Naperville Park District to take legal action to reopen programs, facilities
Naperville Park District's board of commissioners wants a judge to decide whether it can reopen district programs and facilities, regardless of Gov. J.B. Pritzker's "Restore Illinois" plan.
The board voted 4-3 Thursday night to seek authority "through emergency court action" to make reopening decisions "that are in the best interest of our community." Commissioners took the vote after public discussion and a lengthy executive session.
"I fully support the use of legal action against the governor," Commissioner Bill Eagan said during the public discussion. "I believe his actions are arbitrary and capricious. We need to be separated from Chicago. We are an informed citizenry. And we can make decisions for ourselves."
The lawsuit against the governor will be filed in DuPage County Circuit Court next week, according to park district attorney Derke Price.
When asked about the legal challenge, Pritzker on Friday said Naperville park officials "should be following the data and the science here and not their gut."
"I, too, would like to allow all children, my own included, to participate in summer sports in group fashion," Pritzker said. "And I hope we'll be able to do that soon enough as we move though the phases ... of the Restore Illinois plan, but I recommend against it (an early reopening)."
He said he realizes officials in Naperville will do whatever they want, "but I wish they would show some leadership."
In a statement released Friday, board President Rich Janor said the district intends to fulfill its mission to provide recreation opportunities for residents.
"We understand that an important part of being healthy includes staying active," Janor said, "and that includes being able to use some of the outdoor amenities and operate some of the programs that the district provides. The governor's executive order improperly interferes with the board's ability to make those decisions."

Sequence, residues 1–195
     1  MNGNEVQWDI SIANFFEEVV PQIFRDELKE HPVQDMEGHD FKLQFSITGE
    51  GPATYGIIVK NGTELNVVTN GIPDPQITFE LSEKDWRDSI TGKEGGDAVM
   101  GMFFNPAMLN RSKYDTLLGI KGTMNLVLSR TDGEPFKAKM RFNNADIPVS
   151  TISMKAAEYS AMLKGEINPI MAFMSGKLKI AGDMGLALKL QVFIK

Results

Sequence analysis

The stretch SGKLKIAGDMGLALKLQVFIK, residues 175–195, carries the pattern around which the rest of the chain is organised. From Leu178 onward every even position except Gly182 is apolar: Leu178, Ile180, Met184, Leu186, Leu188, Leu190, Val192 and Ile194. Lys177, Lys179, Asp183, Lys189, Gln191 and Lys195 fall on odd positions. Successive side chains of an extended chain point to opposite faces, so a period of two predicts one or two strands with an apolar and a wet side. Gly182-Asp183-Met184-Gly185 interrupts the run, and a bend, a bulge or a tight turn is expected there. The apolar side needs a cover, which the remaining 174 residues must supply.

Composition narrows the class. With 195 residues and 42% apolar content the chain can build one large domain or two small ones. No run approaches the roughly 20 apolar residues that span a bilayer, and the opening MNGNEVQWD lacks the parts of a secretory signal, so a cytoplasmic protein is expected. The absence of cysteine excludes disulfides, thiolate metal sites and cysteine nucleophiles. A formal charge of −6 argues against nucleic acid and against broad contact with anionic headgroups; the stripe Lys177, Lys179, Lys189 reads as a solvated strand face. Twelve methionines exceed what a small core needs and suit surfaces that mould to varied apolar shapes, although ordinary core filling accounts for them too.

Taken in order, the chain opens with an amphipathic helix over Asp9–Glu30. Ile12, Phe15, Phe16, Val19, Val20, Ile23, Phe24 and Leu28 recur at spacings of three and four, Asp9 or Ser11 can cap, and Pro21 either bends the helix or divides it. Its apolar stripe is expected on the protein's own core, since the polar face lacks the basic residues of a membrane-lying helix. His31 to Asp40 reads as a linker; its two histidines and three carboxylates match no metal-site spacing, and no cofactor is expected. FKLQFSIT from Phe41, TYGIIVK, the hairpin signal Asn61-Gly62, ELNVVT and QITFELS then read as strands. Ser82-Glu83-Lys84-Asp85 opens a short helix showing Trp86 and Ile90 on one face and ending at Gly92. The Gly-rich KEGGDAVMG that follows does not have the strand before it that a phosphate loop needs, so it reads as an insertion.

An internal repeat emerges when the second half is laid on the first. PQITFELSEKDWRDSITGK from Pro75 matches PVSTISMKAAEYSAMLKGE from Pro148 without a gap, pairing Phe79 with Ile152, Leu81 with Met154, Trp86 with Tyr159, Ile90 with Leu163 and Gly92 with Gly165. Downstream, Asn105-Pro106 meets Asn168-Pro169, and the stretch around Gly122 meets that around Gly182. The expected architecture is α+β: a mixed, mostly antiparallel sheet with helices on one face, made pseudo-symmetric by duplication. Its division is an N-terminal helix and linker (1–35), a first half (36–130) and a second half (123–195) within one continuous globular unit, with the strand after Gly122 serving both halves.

Consistent with existing regulations, the park district is planning to reopen additional facilities and programs beginning June 1. Outdoor facilities that will reopen include disc golf at Knoch Knolls Park, skate parks, sport courts, parking lots and the Paddleboat Quarry.
Executive Director Ray McGury said the district also is proceeding with outdoor summer programs, including camps, "but with substantial modifications to adhere to required social distancing practices," McGury said. Youth athletic programs, including baseball and softball, will return June 15, but with reduced roster sizes.
"We are following this executive order, but we don't believe he (Pritzker) has the power to do it," Price said. "That's why we're seeking relief. We're complying until we confirm that he doesn't have the power to do the things he's trying to do."
Price said commissioners have received information from the CDC and the Illinois Department of Public Health and simply want the ability to do things that are reasonable.
Several commissioners said they received emails urging them to take action to safely open parks and make youth sports available.
"There are many programs we can open safely right now, if we had any flexibility from the governor to make local decisions," Commissioner Josh McBroom said.
McBroom said it's "ridiculous" that kids can't play Little League Baseball right now.
"So it's my position that we explore all options to break free from the order from Springfield to allow us to make our own safe and responsible decisions in order to allow our constituencies the freedom of choice," McBroom said.
Still, three commissioners -- Bobby Carlsen, Mike Reilly and Marie Todd -- voted against taking legal action.
"I don't think it's in the best interest for the park district to litigate this matter," Todd said. "I think the bottom line issue really is more whether or not the data from the Western suburbs should be part of the Northeast region data that Pritzker has identified. And I really think the municipality should be fighting that fight -- not the Naperville Park District."